The parameters of the proposed Bulkley Valley Arts and Culture Centre were set by Smithers council last Tuesday.
The total area for a combined art gallery and library space at the current library location at the end of Main Street was set at 12,000 square feet. That was passed with councillors Shelley Browne and Phil Brienesse opposed.
The Town will soon be taking proposals for the concept design, business case and programming clarification for how the building would be used. No price was set for this step, nor for the total cost of the building.
The original concept design by the Smithers Public Library alone a decade ago was $150,000. The 2017 budget included $100,000 for a concept design and business case.
“We’re trying to create some parameters that force the conversation about collaboration [between the library and gallery] and space efficiency. I actually think having the parameter just around square feet will move us to that place of having a highly space efficient building and then from that, based on the consultant’s work on building design — one storey versus two stories, the efficiency of the envelope, the operating costs, the energy system — from that would come the budget for the project,” said Mayor Taylor Bachrach, who put forward the motion to build at 12,000 sq. ft.
The budget for a building to house the gallery and library, plus the Bulkley Valley Museum and Visitors Centre, was proposed at $10 million.
During the pre-feasibility study released in June, space requirements not including shared space savings nor the added space for a mechanical room, gift shop, cloak room, etc. was calculated based on the gallery and library’s asks to be nearly 13,000 square feet. A staff report suggested the actual space with the asks would be in the 15,000 sq. ft. range.
There was debate on how large the centre should be to make it usable well into the future. It was pointed out that while Smithers’ population (and tax base) has remained steady over the decades, use of the library in particular has greatly increased.
“Don’t cut it off at the knees before we start,” implored Coun. Gladys Atrill. “We’ve all seen public buildings built that the moment they’re built people already feel they’re way undersized, and I think that’s a disservice to the community … There’s no reason to not build something that can last 100 years.”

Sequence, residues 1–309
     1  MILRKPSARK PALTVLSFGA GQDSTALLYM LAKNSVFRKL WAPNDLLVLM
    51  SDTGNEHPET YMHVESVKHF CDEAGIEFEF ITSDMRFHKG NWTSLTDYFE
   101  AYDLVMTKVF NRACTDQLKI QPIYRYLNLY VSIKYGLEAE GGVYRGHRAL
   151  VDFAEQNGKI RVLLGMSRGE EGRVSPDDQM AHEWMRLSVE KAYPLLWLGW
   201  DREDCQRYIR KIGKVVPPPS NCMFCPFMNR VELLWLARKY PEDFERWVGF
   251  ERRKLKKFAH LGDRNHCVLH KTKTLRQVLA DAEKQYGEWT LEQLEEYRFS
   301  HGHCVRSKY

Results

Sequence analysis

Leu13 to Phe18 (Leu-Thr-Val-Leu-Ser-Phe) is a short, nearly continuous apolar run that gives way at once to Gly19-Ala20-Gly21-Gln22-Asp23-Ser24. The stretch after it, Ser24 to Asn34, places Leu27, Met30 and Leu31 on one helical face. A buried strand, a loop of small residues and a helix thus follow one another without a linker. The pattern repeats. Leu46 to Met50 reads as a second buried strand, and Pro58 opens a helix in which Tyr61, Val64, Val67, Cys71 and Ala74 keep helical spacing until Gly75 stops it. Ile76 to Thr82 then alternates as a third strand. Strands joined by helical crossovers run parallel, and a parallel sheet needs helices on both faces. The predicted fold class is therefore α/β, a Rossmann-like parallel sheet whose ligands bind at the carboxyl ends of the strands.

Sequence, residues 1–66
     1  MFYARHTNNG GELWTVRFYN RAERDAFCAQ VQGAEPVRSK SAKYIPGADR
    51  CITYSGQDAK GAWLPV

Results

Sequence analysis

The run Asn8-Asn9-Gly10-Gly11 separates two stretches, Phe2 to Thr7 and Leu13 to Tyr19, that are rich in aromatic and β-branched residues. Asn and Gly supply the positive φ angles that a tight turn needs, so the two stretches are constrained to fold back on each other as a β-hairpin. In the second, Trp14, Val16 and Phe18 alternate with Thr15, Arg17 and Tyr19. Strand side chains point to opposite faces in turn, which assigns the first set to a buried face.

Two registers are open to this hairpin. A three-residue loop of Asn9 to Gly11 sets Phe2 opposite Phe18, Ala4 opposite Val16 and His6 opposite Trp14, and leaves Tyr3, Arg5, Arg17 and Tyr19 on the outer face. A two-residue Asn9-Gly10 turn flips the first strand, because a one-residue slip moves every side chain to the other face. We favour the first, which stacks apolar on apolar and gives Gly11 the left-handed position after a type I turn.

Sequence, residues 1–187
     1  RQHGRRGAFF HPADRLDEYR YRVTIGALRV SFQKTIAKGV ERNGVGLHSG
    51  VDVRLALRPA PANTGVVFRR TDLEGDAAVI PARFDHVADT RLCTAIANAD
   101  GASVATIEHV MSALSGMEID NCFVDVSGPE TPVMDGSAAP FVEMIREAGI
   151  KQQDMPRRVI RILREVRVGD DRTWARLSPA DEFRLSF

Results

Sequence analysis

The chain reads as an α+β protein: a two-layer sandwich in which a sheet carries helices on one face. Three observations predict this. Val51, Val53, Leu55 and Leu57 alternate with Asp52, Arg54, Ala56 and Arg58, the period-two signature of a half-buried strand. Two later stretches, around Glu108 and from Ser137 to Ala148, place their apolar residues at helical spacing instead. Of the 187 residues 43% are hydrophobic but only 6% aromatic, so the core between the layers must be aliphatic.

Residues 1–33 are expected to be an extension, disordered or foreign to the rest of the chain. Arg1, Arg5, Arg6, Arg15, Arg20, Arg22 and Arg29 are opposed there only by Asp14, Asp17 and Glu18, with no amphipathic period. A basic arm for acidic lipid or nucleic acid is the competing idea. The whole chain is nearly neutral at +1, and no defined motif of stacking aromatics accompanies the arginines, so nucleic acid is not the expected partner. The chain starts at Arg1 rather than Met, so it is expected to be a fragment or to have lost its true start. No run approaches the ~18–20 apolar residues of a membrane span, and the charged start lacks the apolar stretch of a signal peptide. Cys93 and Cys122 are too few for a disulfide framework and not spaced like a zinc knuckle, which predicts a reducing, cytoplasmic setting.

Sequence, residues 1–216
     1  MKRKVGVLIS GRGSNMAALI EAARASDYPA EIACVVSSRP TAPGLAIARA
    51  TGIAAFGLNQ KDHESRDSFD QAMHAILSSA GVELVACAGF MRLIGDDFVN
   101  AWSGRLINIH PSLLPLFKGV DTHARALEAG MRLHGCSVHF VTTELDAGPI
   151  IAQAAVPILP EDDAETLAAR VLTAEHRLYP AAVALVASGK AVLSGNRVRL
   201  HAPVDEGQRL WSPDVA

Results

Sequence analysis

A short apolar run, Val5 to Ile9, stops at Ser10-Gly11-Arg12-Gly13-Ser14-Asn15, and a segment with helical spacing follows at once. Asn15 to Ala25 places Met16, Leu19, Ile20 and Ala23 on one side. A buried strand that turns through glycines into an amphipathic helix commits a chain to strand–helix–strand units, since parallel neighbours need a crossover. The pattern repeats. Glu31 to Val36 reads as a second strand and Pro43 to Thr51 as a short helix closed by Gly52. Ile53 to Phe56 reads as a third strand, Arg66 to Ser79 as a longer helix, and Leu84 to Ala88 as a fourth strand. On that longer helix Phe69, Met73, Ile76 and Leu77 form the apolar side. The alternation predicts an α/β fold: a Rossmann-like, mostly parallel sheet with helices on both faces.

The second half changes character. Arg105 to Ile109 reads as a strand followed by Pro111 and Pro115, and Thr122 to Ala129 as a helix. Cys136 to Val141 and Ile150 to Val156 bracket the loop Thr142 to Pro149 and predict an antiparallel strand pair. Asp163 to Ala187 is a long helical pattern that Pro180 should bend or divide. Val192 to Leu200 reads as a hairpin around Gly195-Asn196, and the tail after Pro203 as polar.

Comparisons to the new arena were made.
“At a certain point because the Town of Smithers is going to own and operate the building in perpetuity, it’s up to us to demonstrate the leadership and create a container … and this is what we had to do with the arena, for better or worse. Maybe some people feel like we need that planning container too small by setting the budget at, I think it was $4.7 million at the time, which is quite inexpensive for an arena. And maybe we should have set the budget higher and had more seating in the plan,” said Bachrach.
“But that was the decision of the day based on the exact same thing: It comes down to a fairly arbitrary, gut-level decision around what is affordable to the community. I don’t know if we can get more information that could help that decision. It comes down to if we’re going to pay for a third of it, what is reasonable to expect the taxpayers of the community to put up in terms of their contribution.”
Using the pre-feasibility consultant’s estimated cost of $400/ft2, that would put the cost of a 15,000 sq. ft. library and art building at $6 million plus $2.1 million for site development, off-site works, landscaping, etc. for a total of $8.1 million. Council’s constraint of 12,000 sq. ft. would put the cost of the building at $4.8 million plus $2.1 million, for a total of $6.9 million.
A motion earlier in the meeting by Coun. Phil Brienesse to limit the building to 11,000 sq. ft. at a total cost of $6.4 million for the building and off-site work was defeated with only Brienesse and Coun. Frank Wray voting for it.
To avoid turning Veteran’s Peace Park into a parking lot, a motion was put forward to get a staff report on possibly reducing parking requirements in that zone. That motion was postponed.
The off-site works are meant to include moving the cenotaph closer to the end of Main Street.
A second phase with no set date is intended once this project is done. It would include a museum and visitors centre in a landscaped Central Park at Main Street and Highway 16.
More gallery space
Council also agreed to lease the empty building at 3866 Railway Avenue for $1 per year to the Smithers Art Gallery. The gallery would be responsible for any needed renovations and utility costs.
The intent is to create two workshop spaces, an office, a supply storage room and a meeting room. Collaboration with the Smithers recreation department is also a potential.